Book Review: How To Win Friends & Influence People

So, I picked up a copy of this book from the thrift store. I’d never read it before, but I had heard about it, and was interested in reading it.

Most of the book is explaining the “Nutshell” of the book, which is (with my editorial in parenthesis):

Fundamental Techniques in Handling People

#1: Don’t criticize, condemn, or complain. (Sounds like a reasonable suggestion.)

#2: Give honest and sincere appreciation. (Encouragement is good.)

#3: Arouse in the other person an eager want. (Sounds a little manipulative to me.)

Six Ways to Make People Like You

#1: Become genuinely interested in other people. (But… some people are genuinely un-interesting!)

#2: Smile. (It makes them wonder what you are up to.)

#3: Remember that a person’s name is to that person the sweetest and most important sound in any language. (Just try saying it in every sentence you say to the person!)

#4: Be a good listener. Encourage others to talk about themselves. (I agree with the good listener part, unless the other person is really boring or talks about their ailments all the time.)

#5: Talk in terms of the other person’s interests. (Humility is a good thing.)

#6: Make the other person feel important  — and do it sincerely. (If you can fake sincerity, you’ve got it made!)

Win People to Your Way of Thinking

#1: The only way to get the best of an argument is to avoid it. (Sounds a little dodgy to me.)

#2: Show respect for the other person’s opinions. Never say “You’re wrong.” (Respect their wrongness!)

#3: If you are wrong, admit it quickly and emphatically. (Again, showing humility is a good thing.)

#4: Begin in a friendly way. (Don’t be hostile!)

#5: Get the other person saying “yes, yes” immediately. (Wabbit season! Duck season! Fire!)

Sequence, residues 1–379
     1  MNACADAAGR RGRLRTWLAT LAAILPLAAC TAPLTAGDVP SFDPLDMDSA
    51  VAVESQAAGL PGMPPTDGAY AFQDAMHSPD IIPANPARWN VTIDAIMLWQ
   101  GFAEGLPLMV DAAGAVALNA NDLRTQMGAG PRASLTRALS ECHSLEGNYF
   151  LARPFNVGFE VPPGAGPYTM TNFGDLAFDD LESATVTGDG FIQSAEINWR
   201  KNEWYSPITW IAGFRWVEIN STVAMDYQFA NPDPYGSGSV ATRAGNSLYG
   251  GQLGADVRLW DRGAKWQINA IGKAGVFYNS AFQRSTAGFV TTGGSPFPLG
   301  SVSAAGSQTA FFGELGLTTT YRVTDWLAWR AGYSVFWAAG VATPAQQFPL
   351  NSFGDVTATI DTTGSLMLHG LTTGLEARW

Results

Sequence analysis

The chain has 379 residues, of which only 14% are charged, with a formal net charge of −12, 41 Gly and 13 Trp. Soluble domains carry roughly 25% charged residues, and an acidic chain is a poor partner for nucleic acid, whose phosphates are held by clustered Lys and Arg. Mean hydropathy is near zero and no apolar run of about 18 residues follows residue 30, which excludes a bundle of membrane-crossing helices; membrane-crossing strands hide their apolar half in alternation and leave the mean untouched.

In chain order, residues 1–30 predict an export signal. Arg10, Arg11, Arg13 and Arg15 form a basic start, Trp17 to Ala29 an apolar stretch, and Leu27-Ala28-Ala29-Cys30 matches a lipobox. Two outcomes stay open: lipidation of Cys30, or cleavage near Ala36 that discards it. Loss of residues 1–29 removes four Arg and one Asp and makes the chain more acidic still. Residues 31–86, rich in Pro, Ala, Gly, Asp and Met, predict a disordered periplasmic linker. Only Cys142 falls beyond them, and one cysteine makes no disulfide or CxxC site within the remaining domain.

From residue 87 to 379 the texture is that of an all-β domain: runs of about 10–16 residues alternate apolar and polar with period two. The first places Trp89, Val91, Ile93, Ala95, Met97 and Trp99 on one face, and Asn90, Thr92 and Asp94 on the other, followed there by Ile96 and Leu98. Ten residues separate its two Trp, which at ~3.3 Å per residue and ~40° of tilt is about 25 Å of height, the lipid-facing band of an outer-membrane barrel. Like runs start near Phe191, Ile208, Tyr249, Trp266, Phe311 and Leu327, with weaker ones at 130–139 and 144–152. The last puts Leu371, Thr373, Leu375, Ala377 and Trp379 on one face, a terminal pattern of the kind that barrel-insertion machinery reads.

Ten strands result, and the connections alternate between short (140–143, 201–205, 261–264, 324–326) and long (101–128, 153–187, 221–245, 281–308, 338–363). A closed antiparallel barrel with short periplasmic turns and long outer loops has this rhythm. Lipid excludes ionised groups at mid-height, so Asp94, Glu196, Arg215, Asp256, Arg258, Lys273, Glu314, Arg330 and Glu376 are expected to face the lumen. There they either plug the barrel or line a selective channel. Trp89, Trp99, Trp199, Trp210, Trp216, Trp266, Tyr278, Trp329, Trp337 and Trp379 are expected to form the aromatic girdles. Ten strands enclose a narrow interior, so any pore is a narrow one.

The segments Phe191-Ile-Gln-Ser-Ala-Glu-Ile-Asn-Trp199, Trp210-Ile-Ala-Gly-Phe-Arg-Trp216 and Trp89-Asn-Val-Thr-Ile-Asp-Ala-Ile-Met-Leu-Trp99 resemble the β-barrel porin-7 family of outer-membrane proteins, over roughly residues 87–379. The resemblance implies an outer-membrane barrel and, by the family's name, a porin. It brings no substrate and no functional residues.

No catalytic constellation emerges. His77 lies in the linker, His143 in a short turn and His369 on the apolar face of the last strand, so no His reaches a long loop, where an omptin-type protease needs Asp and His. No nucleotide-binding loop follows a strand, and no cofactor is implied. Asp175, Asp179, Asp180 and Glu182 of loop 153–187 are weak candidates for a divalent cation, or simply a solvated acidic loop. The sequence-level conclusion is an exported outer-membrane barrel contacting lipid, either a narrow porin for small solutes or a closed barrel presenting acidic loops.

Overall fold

#6: Let the other person do a great deal of the talking. (This is the listening thing again, but some people never shut up!)

#7: Let the other person feel that the idea is his or hers. (RED ALERT! Majorly manipulative!)

#8: Try honestly to see things from the other person’s point of view. (Humility.)

#9: Be sympathetic with the other person’s ideas and desires. (Empathic. Not a bad thing.)

#10: Appeal to the nobler motives. (Nobleness is an underrated value.)

#11: Dramatize your ideas. (Write a screenplay!)

#12: Throw down a challenge. (Challenge is good!)

Be a Leader

#1: Begin with praise and honest appreciation.  (Everyone needs ego stroking.)

#2: Call attention to people’s mistakes indirectly. (There was this guy I knew….)

#3: Talk about your own mistakes before criticizing the other person. (Humility again.)

#4: Ask questions instead of giving direct orders.  (Don’t you think this is a good idea?)

#5: Let the other person save face. (Don’t hurt their widdle feelings!)

#6: Praise the slightest improvement and praise every improvement. Be “hearty in your approbation and lavish in your praise.” (Give all of the kids a medal!)

#7: Give the other person a fine reputation to live up to. (Self fulfilling prophesy of creating ‘good’ people.)

#8: Use encouragement. Make the fault seem easy to correct. (Deception!)

#9: Make the other person happy about doing the thing you suggest. (Ack! Get them to give you all of their money!)

Many of these items are relatively benign. Others are a bit more… sinister.

Did L. Ron Hubbard have a copy of this book when he was coming up with Scientology?


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